US won't 'agree to disagree' with China on sea row
Camille Diola (The Philippine Star) - November 5, 2014 - 10:14am

MANILA, Philippines — Washington continues to take a strong position against the conduct of Beijing in the South and East China Seas despite its effort to deepen bilateral ties, the top American diplomat said.

Secretary of State John Kerry said in a much-awaited statement on Wednesday that while the United States and China try to manage their differences, it is "not a code for agree to disagree."

"We do not simply agree to disagree when it comes to maritime security, especially in the South and East China Seas," Kerry said in an address on US-China relations at the Johns Hopkins School of Advanced International Studies in Washington.

He reiterated the US' neutral position on the contesting claims of China with its neighbors over the waters, but maintained that it is actively pursuing resolutions to settle the longstanding bickering.

"We are deeply concerned about mounting tension in the South China Sea and we consistently urge all parties to pursue claims in accordance with international law," Kerry added.

The official also urged claimant states—some of whom are treaty allies of the US such as Japan and the Philippines—to take significant strides toward completing a binding code of conduct and prevent armed conflict.

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"The United States will work, without getting involved in the merits of the claim, on helping that process to be effectuated, because doing so brings greater stability, brings more opportunity for cooperation in other areas," he said.

While the public perceive some silence on the part of the US in issues it disagrees on with China, Kerry vowed that leaders of the two powers put disagreements on the table and discuss them at length.

"These debates, frankly, don't take place in the spotlight, and much of what we say usually don't end up in the headlines. But I assure you that tough issues are discussed at length whenever our leaders come together," Kerry said.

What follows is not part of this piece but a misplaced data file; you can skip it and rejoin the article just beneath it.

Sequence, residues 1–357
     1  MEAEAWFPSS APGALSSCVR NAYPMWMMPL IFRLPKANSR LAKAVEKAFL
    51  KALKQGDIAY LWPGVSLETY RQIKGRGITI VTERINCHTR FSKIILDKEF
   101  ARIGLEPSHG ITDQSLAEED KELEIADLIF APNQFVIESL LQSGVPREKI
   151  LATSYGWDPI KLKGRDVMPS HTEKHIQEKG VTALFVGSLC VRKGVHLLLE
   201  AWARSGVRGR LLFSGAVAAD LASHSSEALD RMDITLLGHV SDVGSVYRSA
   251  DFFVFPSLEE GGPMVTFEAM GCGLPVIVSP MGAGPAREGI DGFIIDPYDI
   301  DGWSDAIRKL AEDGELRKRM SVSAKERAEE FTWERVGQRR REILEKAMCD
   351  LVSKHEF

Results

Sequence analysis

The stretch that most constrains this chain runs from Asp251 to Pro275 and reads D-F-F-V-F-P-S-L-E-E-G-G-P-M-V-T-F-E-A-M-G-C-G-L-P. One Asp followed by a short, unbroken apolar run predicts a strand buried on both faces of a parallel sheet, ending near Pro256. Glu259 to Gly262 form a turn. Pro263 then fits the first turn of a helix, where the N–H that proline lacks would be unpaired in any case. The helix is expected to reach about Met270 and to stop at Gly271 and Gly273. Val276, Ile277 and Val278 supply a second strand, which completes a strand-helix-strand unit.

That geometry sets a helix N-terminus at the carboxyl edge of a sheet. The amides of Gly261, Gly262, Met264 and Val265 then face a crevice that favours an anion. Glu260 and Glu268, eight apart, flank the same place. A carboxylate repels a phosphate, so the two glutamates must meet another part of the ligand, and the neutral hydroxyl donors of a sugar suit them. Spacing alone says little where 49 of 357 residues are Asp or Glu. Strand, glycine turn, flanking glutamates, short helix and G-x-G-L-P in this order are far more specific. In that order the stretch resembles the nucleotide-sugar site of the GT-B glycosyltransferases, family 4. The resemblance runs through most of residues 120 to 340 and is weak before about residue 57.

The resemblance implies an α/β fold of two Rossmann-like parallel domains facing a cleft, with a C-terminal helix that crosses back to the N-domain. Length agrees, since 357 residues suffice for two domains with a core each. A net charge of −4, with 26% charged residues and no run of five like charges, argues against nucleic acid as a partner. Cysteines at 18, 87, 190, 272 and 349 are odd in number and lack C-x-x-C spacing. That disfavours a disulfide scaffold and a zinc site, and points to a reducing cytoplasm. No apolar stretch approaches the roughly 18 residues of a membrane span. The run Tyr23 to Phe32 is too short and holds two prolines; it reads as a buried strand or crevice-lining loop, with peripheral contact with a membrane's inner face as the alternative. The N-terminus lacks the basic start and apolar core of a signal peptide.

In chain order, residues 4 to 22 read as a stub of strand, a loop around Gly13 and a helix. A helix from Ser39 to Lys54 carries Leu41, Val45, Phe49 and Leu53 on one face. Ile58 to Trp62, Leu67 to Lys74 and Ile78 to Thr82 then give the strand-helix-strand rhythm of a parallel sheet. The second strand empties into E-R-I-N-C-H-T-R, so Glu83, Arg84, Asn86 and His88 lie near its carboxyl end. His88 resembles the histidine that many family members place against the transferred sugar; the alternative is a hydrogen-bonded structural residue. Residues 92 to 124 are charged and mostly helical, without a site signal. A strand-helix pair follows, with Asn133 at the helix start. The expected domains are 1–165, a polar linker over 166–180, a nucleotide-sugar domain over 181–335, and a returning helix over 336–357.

Kerry heads to Beijing this week, to set the stage for a visit by President Barack Obama for a regional summit and talks with Chinese President Xi Jinping. That will be first leg of a three-nation swing through Asia, intended to underscore the president's commitment to the region despite the necessity of American attention on security crises in the Mideast and eastern Europe.

But there have been growing signs of friction in the US-China relationship in the past year, despite efforts to expand areas in which they work together and forge closer personal ties between their leaders, after Obama and Xi held an unusually informal summit meeting in California in June 2013.

Kerry emphasized what Obama administration officials have been saying since they declared a reorientation of American foreign policy toward Asia during the president's first term — that the "rebalance" toward the region is not aimed at countering the growing might of China.

"The US-China relationship is the most consequential in the world today. Period. And it will do much to determine the shape of 21st century. That means that we have to get it right," Kerry said.

The Philippines, meanwhile, has protested against China's activities such as land reclamation and construction that disrupt the status quo in the restless maritime area.

While the Southeast Asian nation has gained the support of the international community on its arbitration case against China before the United Nations tribunal, Beijing continues to reject the move and insists on resumption of bilateral negotiations. - with reports from the Associated Press

ASSOCIATED PRESS BEIJING BUT I CHINA CHINESE PRESIDENT XI JINPING JAPAN AND THE PHILIPPINES JOHNS HOPKINS SCHOOL OF ADVANCED INTERNATIONAL STUDIES KERRY SOUTH AND EAST CHINA SEAS SOUTH CHINA SEA
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